In recent times, we have been asked, on more than one occasion, whether a duly appointed attorney of an owner can attend a committee meeting.

Interesting question!

As a general rule, an attorney can do anything the grantor of the power can do.

In body corporate terms, this means that because an owner has a right to attend a committee meeting, the owner’s attorney ought to have that same right.

Is the answer that simple though?

Under section 51 of the Standard and Accommodation Modules a person who is not a member of a committee may attend a committee meeting if the person is:

  • an owner of a lot who has provided the requisite notice; or


  • another person invited to attend by a majority of the committee voting members.

Item (b) above seems simple enough. But what about item (a)?

It wouldn’t be “BoCo” if there wasn’t some complication.

The complication is this.

The Act defines an “Owner” as the person who is, or is entitled to be, the registered owner of a lot and includes a mortgagee in possession.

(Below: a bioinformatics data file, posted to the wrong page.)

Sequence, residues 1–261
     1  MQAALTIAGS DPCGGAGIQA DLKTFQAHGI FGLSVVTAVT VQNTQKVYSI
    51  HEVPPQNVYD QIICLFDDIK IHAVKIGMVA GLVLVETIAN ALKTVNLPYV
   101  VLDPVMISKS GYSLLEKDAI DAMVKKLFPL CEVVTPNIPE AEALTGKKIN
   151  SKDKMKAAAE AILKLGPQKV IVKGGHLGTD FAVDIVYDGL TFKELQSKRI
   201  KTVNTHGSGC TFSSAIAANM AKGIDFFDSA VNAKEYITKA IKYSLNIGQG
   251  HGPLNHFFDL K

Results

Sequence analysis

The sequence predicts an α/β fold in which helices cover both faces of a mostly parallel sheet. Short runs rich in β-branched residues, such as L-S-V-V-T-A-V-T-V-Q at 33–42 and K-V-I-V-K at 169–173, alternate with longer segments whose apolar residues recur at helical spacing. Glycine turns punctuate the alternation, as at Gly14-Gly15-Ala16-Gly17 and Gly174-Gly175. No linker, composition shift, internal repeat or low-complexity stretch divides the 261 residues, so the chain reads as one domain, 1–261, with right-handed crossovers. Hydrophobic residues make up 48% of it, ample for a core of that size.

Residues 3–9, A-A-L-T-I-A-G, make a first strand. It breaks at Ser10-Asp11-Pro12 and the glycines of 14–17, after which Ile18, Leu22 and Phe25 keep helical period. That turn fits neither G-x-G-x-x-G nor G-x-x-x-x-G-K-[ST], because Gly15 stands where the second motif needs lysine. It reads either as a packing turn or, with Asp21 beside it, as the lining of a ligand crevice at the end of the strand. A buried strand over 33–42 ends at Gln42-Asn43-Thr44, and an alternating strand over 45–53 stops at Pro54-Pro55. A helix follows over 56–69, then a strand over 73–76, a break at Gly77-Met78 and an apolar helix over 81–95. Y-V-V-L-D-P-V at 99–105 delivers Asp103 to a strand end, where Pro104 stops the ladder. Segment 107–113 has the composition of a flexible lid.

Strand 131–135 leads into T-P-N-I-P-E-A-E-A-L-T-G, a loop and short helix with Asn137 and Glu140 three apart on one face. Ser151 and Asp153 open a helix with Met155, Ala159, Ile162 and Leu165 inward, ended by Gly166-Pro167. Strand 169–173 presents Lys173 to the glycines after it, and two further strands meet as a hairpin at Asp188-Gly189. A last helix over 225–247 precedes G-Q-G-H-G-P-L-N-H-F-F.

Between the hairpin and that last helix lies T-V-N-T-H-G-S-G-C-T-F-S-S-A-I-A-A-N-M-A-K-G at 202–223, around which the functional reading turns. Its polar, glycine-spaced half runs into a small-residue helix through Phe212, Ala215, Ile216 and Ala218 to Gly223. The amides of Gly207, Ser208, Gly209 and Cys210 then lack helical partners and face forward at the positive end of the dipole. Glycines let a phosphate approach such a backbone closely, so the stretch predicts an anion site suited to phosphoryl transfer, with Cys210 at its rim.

An owner’s attorney is not entitled to be the registered owner of a lot.

Accordingly, on a strict reading of section 51, it could be argued that an owner’s attorney has no statutory entitlement to attend a committee meeting.

That said, how would an owner who is incapacitated for example, exercise his/her right to attend a committee meeting if not through the owner’s attorney.

As we all know by now, bodies corporate must act reasonably.

In our view, it is reasonable to allow an owner’s attorney to attend a committee meeting where the owner is unable to.

In any event – what is the harm if the owner’s attorney attends? The attorney can be present but may only observe the meeting, unless of course invited to speak by the committee.

As always, ACTIVE LAW is here to help in deciphering the complexities of the Body Corporate world.

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The material distributed is general information only. The information supplied is not and is not intended to be, legal or other professional advice, nor should it be relied upon as such. You should seek legal or professional advice in relation to your specific situation.